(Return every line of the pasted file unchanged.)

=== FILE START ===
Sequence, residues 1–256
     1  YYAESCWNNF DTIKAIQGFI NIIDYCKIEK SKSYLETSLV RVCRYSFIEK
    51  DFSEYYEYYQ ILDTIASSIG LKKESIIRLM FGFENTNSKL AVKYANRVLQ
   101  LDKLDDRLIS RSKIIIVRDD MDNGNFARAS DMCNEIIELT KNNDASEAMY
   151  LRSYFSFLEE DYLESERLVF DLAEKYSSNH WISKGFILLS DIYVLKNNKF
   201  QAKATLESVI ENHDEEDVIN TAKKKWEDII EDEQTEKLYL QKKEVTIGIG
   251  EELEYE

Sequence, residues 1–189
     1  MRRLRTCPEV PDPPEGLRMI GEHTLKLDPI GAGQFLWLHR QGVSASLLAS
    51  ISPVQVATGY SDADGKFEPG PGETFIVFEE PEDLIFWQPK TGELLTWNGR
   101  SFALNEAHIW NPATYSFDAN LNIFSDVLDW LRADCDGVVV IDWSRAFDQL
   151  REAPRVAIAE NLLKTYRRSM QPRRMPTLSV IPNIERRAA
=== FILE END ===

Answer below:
Sequence, residues 1–256
     1  YYAESCWNNF DTIKAIQGFI NIIDYCKIEK SKSYLETSLV RVCRYSFIEK
    51  DFSEYYEYYQ ILDTIASSIG LKKESIIRLM FGFENTNSKL AVKYANRVLQ
   101  LDKLDDRLIS RSKIIIVRDD MDNGNFARAS DMCNEIIELT KNNDASEAMY
   151  LRSYFSFLEE DYLESERLVF DLAEKYSSNH WISKGFILLS DIYVLKNNKF
   201  QAKATLESVI ENHDEEDVIN TAKKKWEDII EDEQTEKLYL QKKEVTIGIG
   251  EELEYE

Sequence, residues 1–189
     1  MRRLRTCPEV PDPPEGLRMI GEHTLKLDPI GAGQFLWLHR QGVSASLLAS
    51  ISPVQVATGY SDADGKFEPG PGETFIVFEE PEDLIFWQPK TGELLTWNGR
   101  SFALNEAHIW NPATYSFDAN LNIFSDVLDW LRADCDGVVV IDWSRAFDQL
   151  REAPRVAIAE NLLKTYRRSM QPRRMPTLSV IPNIERRAA